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Arthur Stratton papers (M173)

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Title:
Arthur Stratton papers
Creator:
Stratton, Arthur
ID:
M173
Date [inclusive]:
1939-1975
Extent:
50.0 linear feet
Language:
English
Repository:
George J. Mitchell Department of Special Collections & Archives, Bowdoin College Library, Brunswick, Maine 04011
Abstract:
Correspondence, notebooks, manuscript material, carbon typescripts, and an uncorrected galley proof of "One Man's India."
Access Restrictions:

No restrictions.

Processing Information note:

Unprocessed.

Preferred Citation:

Arthur Stratton Papers, George J. Mitchell Department of Special Collections & Archives, Bowdoin College Library, Brunswick, Maine.

Arthur Mills Stratton was born on July 27, 1911, in Clinton, Massachusetts. Following his graduation from Bowdoin College in 1935, he studied for a year at Columbia University from which he received a master of arts degree in 1942. He studied and wrote in France from 1938 until enlisting in the American Volunteer Ambulance Service in January 1940. For bravery "in evacuating the wounded under heavy machine gun and artillery fire" during the German advance on Paris he was awarded the French Croix de Guerre in April 1940, the first American known to receive the award during World War II. From the spring of 1940 until July 1940, he was captured and held by the Germans. upon his release he joined the American Field Service and was sent to Africa for ambulance service with the Free French, where he was badly wounded at Bir Hakeim in the Libyan desert.

Stratton taught English at Robert College in Turkey from 1942 to 1944, when he joined the Office of Strategic Service, a predecessor of the Central Intelligence Agency. From 1946 to 1950, he taught English at Bowdoin, and at various times after that was a member of the faculty at Robert College. He traveled widely and lived for long periods in India, Greece, Madagascar, Lebanon, and Turkey.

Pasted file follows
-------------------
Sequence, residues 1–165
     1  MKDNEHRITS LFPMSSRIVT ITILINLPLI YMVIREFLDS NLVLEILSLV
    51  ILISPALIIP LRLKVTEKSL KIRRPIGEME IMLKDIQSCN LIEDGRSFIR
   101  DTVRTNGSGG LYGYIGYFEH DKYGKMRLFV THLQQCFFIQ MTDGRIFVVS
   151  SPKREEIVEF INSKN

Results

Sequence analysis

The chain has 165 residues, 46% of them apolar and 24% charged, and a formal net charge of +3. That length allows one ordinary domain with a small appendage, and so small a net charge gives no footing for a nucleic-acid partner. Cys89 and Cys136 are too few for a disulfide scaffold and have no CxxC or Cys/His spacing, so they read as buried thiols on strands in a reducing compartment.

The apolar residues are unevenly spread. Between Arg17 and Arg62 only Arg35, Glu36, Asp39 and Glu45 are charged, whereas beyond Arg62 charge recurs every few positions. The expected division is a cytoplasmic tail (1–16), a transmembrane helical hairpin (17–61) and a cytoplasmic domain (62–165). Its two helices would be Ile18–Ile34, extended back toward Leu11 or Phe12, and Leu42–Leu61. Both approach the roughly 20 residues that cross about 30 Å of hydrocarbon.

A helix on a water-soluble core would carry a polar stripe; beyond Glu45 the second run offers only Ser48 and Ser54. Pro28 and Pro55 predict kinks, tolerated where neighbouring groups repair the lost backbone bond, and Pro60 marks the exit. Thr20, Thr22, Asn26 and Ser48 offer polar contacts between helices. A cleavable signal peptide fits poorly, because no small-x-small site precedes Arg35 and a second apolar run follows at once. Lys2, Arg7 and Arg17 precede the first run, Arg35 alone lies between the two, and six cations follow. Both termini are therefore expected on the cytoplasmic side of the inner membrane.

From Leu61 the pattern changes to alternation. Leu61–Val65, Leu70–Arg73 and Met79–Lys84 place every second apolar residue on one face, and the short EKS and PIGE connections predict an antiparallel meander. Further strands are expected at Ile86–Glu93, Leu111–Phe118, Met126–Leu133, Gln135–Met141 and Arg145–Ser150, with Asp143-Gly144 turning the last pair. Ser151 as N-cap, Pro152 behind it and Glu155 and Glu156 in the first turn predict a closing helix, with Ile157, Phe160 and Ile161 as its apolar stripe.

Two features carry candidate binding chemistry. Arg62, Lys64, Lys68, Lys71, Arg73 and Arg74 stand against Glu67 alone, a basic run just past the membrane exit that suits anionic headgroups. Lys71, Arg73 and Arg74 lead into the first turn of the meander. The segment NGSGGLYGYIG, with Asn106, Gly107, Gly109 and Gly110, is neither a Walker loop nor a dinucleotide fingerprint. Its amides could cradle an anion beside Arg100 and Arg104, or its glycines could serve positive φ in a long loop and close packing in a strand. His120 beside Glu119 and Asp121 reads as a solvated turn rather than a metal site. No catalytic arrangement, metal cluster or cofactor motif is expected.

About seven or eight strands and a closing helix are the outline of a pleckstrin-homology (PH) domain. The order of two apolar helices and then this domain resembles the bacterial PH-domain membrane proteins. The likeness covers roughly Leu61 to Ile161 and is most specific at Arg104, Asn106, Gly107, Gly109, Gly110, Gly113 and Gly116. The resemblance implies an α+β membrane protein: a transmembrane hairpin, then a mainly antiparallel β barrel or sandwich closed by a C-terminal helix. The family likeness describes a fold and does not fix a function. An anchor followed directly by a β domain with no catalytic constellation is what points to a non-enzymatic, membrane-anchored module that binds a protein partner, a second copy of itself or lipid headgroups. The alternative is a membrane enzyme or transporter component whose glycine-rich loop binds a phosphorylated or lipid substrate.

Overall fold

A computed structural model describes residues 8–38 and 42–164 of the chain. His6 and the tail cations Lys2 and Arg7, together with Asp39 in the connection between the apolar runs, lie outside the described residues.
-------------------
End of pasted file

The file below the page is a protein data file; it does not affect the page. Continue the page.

Stratton was the author of numerous books including "Lord Love Us" (1949), a novel; "One Man's India (1955), a travel book; "The Great Red Island" (1964), a study of Madagascar; and "Sinan" (1972), a biography of the 16th century Ottoman architect, Sinan addur-Mennan.

Arthur Stratton died of cancer on September 1, 1975, in Washington, DC. He was survived by a sister, Mrs. Barbara S. Bolling, with whom he lived.

Correspondence, the bulk letters to Bowdoin professor Herbert Ross Brown, including an autobiographical sketch in a letter dated November 23, 1971; letters to Mrs. Dorcy Cole Stevens; and a series of letters to Dorothy and Richard LeBlanc, and Dorothy and Karl Briel. There are also notebooks containing notes for "The Great Red Island," and source material for "The Great Red Island." Manuscript material includes original typescripts for "The Ballad of Kankan-Mamou-Conakry" and "Now"; carbon typescripts for "Sinan," "Here We Are, Are We Not," "After Long Silence," and "The Mosque of Princess," and an uncorrected galley proof of "One Man's India."

Scrapbook of photos, clippings, and documents related to la Croix de guerre and German capture, 1940 Feb-Aug

Volume-folio 1

Manuscript related to "Sinan," 1968

Volume-folio 2

"Book 1," 1939

Volume-folio 3

"Book 2," 1939

Volume-folio 4
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